Irony In Mark Twain's The War-Prayer

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The point made by Mark Twain’s “The War-Prayer” (1905) is simple, even simplistic: that the unspoken part of the desire for victory over the enemy is the desire that misery and death befall others. The irony, as noted by the stranger who comments on this silent prayer, is that it is directed supposedly “in the spirit of love” to “Him who is the Source of Love” (398). In fact, Twain’s piece makes this irony unmissable, as it ends with the failure of the congregation even to understand the stranger’s point, let alone to take it to heart: “It was believed afterward that the man was a lunatic, because there was no sense in what he said” (398). This inability to “get it,” this immunity to irony, recalls many of Twain’s characters over the years, …show more content…
Public opinion found the notion of empire enticing and rejoiced over Dewey’s victory at Manila, a place previously unheard-of by most Americans (“this great big ignorant nation, which doesn’t know even the ABC facts of the Philippine episode,” Twain complained in a 1901 letter to Joseph H. Twichell [qtd. in Paine, Letters 705]). Such jingoism was, at the same time, often opposed for equally base, often racist and xenophobic reasons. Twain’s own opposition is eerily prophetic of opposition to war in both Vietnam and Iraq: the war was “a mess, a quagmire from which each fresh step renders the dif culty of extrication immensely greater” . . . . I thought it would be a great thing to give a whole lot of freedom to the Filipinos, but I guess now that it’s better to let them give it to themselves,” he said in 1900 (Zwick). Yet in the letter to Twichell, he acknowledges that his opposition is, at bottom, sel sh: he feels distress as an American that he is “befouled” in the international eye (that of “the sarcastic world,” as he put it) by such a policy (705). Dualism again: are his motives even partly genuine concern for the Philippines, or, as he suspects of himself, solely a matter of concern for his public image, by now that of …show more content…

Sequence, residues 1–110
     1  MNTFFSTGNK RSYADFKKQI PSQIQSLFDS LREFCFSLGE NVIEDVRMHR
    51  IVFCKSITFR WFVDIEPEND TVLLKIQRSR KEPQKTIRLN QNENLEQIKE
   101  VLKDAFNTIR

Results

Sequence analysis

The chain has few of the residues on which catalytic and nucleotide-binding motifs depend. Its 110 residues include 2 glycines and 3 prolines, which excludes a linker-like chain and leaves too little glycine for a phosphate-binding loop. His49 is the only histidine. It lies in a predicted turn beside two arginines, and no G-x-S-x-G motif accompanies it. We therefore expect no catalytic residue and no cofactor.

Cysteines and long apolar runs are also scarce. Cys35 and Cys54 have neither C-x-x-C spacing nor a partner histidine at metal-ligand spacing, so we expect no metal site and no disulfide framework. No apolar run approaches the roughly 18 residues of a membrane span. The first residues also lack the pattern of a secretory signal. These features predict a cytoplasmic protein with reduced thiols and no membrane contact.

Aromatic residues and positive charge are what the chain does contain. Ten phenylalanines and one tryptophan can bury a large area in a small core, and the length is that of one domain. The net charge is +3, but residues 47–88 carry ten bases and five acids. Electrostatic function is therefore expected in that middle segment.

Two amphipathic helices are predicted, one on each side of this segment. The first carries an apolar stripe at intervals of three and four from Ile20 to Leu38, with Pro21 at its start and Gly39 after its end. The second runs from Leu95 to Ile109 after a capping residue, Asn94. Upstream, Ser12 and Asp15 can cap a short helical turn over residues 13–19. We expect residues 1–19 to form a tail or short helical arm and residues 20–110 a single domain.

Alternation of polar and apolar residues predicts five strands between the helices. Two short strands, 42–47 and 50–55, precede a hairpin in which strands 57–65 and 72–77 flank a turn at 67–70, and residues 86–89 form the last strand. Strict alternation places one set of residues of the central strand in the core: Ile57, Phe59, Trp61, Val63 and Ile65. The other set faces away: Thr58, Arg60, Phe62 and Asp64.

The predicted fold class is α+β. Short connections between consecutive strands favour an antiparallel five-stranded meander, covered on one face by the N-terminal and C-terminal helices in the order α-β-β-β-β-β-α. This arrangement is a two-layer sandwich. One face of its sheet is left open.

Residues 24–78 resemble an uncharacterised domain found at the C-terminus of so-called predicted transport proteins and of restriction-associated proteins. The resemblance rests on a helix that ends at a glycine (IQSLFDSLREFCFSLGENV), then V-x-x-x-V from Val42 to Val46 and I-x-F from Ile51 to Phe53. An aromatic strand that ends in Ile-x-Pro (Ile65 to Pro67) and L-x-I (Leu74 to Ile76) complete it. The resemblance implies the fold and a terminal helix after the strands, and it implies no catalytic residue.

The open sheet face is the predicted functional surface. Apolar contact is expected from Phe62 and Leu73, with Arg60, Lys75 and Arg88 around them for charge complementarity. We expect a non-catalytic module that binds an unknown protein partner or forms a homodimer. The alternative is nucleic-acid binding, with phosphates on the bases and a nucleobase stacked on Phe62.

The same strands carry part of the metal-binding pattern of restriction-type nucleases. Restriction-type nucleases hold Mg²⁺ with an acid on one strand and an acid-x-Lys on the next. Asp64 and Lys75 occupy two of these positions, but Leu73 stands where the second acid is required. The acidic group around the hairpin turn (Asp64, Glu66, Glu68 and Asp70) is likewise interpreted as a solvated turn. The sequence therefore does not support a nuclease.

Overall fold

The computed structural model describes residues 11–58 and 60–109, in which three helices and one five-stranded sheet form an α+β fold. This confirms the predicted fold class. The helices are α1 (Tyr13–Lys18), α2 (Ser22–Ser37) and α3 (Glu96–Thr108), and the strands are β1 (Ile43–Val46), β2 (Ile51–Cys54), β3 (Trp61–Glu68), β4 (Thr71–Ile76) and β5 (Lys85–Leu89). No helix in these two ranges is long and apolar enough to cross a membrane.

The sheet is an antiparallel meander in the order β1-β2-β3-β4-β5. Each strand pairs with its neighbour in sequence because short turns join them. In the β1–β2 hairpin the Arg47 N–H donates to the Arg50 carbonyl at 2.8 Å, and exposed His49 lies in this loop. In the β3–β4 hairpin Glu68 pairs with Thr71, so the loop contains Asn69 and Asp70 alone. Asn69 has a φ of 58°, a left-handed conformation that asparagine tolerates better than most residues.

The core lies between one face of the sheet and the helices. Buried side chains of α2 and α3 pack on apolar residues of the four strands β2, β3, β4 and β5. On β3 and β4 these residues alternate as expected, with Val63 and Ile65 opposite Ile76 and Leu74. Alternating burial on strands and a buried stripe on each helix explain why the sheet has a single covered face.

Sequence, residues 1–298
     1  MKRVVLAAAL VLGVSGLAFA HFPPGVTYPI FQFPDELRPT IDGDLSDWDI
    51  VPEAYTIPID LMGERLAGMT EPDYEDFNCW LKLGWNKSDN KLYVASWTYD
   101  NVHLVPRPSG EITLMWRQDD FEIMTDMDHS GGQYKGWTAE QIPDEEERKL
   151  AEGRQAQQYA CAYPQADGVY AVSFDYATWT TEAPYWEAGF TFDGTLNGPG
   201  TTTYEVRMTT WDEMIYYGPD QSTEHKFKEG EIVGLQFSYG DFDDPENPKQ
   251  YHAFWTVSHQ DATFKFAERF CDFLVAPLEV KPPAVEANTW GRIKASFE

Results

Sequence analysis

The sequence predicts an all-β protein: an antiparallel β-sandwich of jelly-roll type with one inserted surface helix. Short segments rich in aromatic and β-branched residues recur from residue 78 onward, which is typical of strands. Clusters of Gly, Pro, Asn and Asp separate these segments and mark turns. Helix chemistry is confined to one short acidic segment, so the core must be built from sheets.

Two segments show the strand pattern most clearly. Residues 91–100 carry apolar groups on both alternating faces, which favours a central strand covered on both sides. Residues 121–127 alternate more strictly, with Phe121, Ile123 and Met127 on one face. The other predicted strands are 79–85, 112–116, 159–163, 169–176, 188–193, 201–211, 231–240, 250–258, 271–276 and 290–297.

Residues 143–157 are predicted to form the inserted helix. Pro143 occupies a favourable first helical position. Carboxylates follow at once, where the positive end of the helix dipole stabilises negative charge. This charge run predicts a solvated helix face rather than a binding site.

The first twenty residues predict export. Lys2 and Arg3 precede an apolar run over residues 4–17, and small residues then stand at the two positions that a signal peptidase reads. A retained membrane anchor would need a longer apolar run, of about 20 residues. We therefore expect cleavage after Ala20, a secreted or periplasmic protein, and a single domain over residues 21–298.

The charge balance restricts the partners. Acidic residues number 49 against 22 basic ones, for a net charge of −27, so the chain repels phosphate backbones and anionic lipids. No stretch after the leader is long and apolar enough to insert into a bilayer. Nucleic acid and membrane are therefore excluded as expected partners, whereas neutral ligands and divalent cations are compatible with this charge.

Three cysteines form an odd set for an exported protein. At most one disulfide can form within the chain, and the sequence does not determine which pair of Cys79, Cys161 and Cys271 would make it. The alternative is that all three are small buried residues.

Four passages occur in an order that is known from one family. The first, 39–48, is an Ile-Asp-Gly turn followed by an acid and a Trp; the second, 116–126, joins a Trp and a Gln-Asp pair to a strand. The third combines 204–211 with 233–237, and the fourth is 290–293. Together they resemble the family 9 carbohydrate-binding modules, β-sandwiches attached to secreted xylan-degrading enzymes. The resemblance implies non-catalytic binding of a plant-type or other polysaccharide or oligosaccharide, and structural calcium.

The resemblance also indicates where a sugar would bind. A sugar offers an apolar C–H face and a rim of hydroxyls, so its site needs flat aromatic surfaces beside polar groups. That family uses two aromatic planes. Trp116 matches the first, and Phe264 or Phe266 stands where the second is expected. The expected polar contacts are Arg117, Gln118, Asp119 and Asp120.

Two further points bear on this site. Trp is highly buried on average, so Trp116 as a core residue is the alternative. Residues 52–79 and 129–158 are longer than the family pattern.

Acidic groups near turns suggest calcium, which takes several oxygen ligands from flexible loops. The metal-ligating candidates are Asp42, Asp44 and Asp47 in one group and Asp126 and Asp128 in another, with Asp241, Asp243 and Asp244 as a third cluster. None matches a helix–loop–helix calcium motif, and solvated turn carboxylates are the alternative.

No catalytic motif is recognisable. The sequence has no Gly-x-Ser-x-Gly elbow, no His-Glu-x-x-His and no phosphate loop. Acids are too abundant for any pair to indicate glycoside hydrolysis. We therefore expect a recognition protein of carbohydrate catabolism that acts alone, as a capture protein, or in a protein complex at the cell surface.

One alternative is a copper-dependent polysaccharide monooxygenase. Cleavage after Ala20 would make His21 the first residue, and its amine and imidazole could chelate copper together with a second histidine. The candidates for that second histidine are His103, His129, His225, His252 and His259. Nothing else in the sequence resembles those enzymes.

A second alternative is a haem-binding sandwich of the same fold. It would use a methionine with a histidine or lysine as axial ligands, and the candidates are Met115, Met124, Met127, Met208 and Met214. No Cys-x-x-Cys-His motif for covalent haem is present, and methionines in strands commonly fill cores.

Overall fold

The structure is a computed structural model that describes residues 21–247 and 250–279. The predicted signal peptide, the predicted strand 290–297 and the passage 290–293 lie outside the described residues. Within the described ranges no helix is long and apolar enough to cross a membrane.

Twain noted, as Jim Zwick points out, that many American service personnel characterized Filipinos as “niggers” (Zwick also attests that contemporary editorial cartoons often depicted them as “stereotyped blacks”)—an uncomfortable reminder of the patronizing attitudes of even well-meaning Americans in an earlier war, one with which Twain had been uncomfortable enough the first time around. This time the American intent to liberate and democratize this Other had turned out to be an even more blatant self-deception at the very best; the fundamental purpose of the Philippine con ict was a scarcely disguised colonization, and therefore subjugation. (After all, the United States had, in effect, bought the Philippines—and therefore its inhabitants—under the terms of the Treaty of Paris.) Twain at this point in his life wanted to be unambiguously on the right side of this war: no echoes of the brief spell as an irregular in the Confederacy-sympathizing Missouri State Guard, or of the truck with slave-owning relatives, no uncomfortably nuanced racial attitudes in his writings. But to take such a stance meant dealing in unavoidable ironies, since both sides—just as in 2005—were laying claim to the word patriotism, and de ning it in opposite

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